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England keep Jones succession plan on hold until after World Cup

The coach is under contract until 2021 but has hinted he may leave after the tournament in Japan

England head coach Eddie Jones (file pic).
England head coach Eddie Jones (file pic).
Image: Andrew Matthews

ENGLAND ARE IN danger of missing out on a chance to hire Warren Gatland after the Rugby Football Union admitted Eddie Jones’ successor would not be hired until after the World Cup.

Jones is under contract with England until 2021 but has hinted he may leave after the World Cup in Japan later this year.

There is a reported break clause enabling Jones and the RFU to part ways if England fail to reach the World Cup semi-finals.

But, according to acting RFU chief executive Nigel Melville, next year’s tour to Japan is the organisation’s preferred for the incoming coach, with Jones taking charge of the 2020 Six Nations before departing.

While the RFU ponder their options, France and the British and Irish Lions are chasing Gatland, who recently clinched a third Grand Slam as Wales boss as he led them to the Six Nations title.

Gatland is due to leave Wales after the World Cup, but Melville insists the New Zealander’s availability is not on the RFU’s radar.

The Warren thing – is Warren going to do the Lions? Is Warren going to France? Is Warren coming to England? Is Warren doing all sorts?” Melville said.

“At this point that is not a concern to me. The concern to me is what we are doing going forward. There’s more than one coach out there who we are looking at.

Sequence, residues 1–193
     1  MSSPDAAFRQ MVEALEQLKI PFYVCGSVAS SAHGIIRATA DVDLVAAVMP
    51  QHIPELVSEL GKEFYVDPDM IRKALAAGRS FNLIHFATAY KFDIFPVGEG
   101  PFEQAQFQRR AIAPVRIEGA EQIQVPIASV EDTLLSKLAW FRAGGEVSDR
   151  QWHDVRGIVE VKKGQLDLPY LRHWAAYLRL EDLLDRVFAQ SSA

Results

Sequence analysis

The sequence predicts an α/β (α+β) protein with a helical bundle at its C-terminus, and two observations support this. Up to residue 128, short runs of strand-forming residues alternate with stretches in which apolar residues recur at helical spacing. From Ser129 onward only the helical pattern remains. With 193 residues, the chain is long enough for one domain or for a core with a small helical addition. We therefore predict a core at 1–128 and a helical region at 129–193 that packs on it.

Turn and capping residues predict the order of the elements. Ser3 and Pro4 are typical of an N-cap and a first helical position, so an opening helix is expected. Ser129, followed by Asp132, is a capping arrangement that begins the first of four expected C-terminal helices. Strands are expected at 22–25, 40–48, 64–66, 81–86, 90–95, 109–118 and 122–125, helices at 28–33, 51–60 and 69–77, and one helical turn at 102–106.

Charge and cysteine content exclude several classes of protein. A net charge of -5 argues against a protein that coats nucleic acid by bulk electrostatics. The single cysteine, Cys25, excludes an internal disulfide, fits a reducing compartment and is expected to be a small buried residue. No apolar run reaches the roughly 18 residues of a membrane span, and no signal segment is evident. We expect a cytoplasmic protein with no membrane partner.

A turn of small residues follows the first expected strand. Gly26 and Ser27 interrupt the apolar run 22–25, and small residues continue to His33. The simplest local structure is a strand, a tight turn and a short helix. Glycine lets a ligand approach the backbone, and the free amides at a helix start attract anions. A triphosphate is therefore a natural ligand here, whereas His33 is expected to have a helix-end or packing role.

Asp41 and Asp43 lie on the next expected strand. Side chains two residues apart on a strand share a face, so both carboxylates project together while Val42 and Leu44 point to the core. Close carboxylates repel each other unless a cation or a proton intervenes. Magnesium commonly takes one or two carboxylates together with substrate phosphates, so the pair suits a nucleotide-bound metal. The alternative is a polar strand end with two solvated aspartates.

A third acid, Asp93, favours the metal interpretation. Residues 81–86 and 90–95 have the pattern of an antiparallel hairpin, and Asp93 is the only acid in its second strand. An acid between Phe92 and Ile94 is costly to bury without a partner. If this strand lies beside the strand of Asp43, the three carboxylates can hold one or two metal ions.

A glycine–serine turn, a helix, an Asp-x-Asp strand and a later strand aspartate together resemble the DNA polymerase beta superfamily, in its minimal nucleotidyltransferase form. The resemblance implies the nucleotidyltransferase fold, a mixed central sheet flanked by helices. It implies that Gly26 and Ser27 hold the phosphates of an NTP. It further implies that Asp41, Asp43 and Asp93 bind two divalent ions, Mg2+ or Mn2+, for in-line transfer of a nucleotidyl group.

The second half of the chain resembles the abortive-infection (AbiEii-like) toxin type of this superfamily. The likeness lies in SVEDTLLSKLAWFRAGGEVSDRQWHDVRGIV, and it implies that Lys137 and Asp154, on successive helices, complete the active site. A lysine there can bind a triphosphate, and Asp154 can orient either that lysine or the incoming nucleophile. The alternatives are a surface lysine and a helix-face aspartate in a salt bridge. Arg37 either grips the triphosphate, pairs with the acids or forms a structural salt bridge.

“I took Warren to Wasps, so I’m quite well aware of his talent. I do speak to Warren. I absolutely understand that he’s a very talented guy and has a fantastic resume.

“We will decide what is happening with Eddie post-World Cup. We have got a list of people who we think could take over. It’s a small list because there aren’t lots of coaches out there who are capable of coaching England.”

Reports claim the RFU are drawing up two lists of potential candidates to either replace Jones at the end of the year or be appointed in the summer of 2020 and work under him for a year.

But the RFU, soon to be led by incoming chief executive Bill Sweeney, will not be making any announcements about a coaching change before the World Cup, according to Melville.

We have pushed it back because we don’t want distractions pre-World Cup,” he said.

“It’s to let Eddie get on with it and to stop people speculating on who is in and who is out and all the rest of it.

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“We don’t need that, I don’t think anybody needs that and the incoming coaches don’t need that.”

© AFP 2019

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